Conclusions
For the evaluation of the selected data mining techniques three analysis approaches were executed, (1) whole dataset analysis, (2) separate datasets per identified product group, (3) separate dataset per product up for analysis.
The first data mining technique to be was association rule mining (dependency modeling). With regards to the first analysis approach it was found that the parameters c.q. thresholds of the association rule miningalgorithm, APRIORI, are greatly influenced by the size of the dataset and the distribution of records among each product group. The first analysis approach yielded unacceptable results. The association between products derived; with both thresholds (support and confidence) at a value of 0.1 all belonged to product group 1 and 2. After inspection of the dataset it was clear that the majority of the records were distributed among product group 1 and 2. Therefore, by taking into account the parameters and using the first analysis approach, the APRIORIalgorithm only derived associations for products residing in product group 1 and 2.
By following the second analysis approach in combination with the APRIORIalgorithm, associations were identified between products which do not belong to product group 1 and 2. However, a limitation occurred due to the fact that each product group has its own transactional dataset. the inability of this analysis approach is to derive crossproduct group association rules. This limitation could lead to misinterpretation of results and result in wrongful decision making. Hence, the second analysis approach is classified as undesirable.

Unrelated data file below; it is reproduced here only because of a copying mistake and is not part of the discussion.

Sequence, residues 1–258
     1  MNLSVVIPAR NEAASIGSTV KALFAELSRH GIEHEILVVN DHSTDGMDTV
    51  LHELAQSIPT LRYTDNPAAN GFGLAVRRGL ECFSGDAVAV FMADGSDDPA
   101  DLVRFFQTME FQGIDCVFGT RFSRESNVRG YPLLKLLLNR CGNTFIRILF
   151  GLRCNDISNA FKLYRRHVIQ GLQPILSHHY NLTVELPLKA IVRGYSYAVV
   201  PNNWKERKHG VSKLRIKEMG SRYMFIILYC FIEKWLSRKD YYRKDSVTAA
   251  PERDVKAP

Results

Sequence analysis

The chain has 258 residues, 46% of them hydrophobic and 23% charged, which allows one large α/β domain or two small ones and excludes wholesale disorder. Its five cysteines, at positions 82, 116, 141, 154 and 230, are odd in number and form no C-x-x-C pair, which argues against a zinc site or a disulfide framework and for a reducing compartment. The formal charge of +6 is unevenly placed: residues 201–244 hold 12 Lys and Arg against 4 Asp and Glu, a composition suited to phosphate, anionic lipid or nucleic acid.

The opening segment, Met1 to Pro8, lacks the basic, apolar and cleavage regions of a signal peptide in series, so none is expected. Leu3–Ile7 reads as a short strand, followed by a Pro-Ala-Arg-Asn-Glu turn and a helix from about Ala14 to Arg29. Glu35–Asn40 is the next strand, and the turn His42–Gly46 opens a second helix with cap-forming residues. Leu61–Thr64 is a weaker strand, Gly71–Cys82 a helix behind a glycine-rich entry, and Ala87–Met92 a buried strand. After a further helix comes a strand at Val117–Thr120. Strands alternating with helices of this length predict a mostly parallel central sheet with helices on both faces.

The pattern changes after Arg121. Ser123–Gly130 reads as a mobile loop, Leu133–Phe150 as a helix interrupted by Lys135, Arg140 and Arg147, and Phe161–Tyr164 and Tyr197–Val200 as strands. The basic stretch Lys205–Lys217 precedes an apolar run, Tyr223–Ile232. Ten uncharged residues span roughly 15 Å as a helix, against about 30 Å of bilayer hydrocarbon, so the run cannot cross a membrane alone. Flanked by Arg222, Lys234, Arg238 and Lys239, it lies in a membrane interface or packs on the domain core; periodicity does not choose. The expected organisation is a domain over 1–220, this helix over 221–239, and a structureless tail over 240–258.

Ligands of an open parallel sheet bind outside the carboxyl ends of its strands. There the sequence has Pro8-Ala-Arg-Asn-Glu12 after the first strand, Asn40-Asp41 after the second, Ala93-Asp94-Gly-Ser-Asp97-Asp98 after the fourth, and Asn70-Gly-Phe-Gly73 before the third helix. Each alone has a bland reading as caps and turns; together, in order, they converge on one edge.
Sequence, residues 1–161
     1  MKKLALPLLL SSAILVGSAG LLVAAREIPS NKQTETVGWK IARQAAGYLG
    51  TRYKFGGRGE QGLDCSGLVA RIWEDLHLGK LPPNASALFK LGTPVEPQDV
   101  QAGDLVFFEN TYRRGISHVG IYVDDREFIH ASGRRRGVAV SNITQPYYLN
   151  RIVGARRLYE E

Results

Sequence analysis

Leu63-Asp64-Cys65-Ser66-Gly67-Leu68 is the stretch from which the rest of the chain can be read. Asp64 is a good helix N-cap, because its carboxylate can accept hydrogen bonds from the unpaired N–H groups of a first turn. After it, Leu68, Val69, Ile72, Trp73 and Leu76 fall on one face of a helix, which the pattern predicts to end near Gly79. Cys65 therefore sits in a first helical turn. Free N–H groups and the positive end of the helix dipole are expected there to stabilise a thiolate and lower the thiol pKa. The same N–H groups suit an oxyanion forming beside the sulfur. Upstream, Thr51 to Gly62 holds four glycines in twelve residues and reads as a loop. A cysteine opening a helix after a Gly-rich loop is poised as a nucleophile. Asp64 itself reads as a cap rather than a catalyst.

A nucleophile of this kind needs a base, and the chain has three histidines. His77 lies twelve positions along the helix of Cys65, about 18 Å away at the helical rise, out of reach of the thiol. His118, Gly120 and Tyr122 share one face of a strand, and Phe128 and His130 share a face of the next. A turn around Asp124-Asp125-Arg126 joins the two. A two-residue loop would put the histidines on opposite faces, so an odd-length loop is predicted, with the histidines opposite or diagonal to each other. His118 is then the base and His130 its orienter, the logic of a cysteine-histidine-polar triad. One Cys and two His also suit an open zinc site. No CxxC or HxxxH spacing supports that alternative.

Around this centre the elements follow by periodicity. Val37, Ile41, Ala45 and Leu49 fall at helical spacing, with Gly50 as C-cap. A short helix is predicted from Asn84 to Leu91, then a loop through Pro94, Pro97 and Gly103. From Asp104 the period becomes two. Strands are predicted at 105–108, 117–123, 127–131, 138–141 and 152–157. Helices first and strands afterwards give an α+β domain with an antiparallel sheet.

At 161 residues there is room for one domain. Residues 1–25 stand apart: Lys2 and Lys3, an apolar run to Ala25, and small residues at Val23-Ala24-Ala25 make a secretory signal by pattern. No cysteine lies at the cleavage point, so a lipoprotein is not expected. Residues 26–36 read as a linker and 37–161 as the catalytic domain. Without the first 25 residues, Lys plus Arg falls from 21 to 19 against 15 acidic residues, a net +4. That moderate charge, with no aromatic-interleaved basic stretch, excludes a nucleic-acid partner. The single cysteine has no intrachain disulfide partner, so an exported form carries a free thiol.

The third analysis approach used a dataset comprising all transactions and thereby transactional data in which the product under analysis occurred. Three products were selected for evaluating association rule mining in combination with this approach. By analyzing each article separately, it was found that this analysis approach coped with the limitation of crossproduct groupassociation rule generation. It derived association rules between products that belonged to different product groups. Hence, this approach and the data mining technique association rule mining are classified as desirable and applicable in a product portfolio management context. Evidently, for the second and third data mining technique, , the product based approach was used.
For seasonal time series forecasting the exact same three products used in the association rule mining evaluation were used. In order to properly analyze this data mining technique, the transactional dataset provided by the case study organization was extended to 24 months of transactional data, residing in a two year timeperiod (2010 and 2011). For evaluating this data mining technique the exponential smoothing algorithm was selected. Applying the exponential smoothing algorithm on each of the three dataset yielded undesirable results. For the proper functioning of the exponential smoothing algorithm it is required that in each period (in this case year) per observed data point (in this case months) data are present. For each article this was not the case, which resulted in failed forecasts (flat lines) or partial forecasts (three months in advance). In order to properly evaluate the exponential algorithm, two articles were derived from the dataset comprising 24 months of data observed per similar data point per period. By applying the exponential smoothing algorithm it was able to properly forecast future data points. However, the exponential smoothing algorithm forecasts data points based on historical data. The articles and thereby the generated datasets were selected by means of the threshold value. After inspecting the forecasted data points, none of the data points exceeded the predefined threshold value. Concluding on the evaluation of seasonal time series forecasting, it is safe to say that, in a product portfolio management context, the technique is not applicable.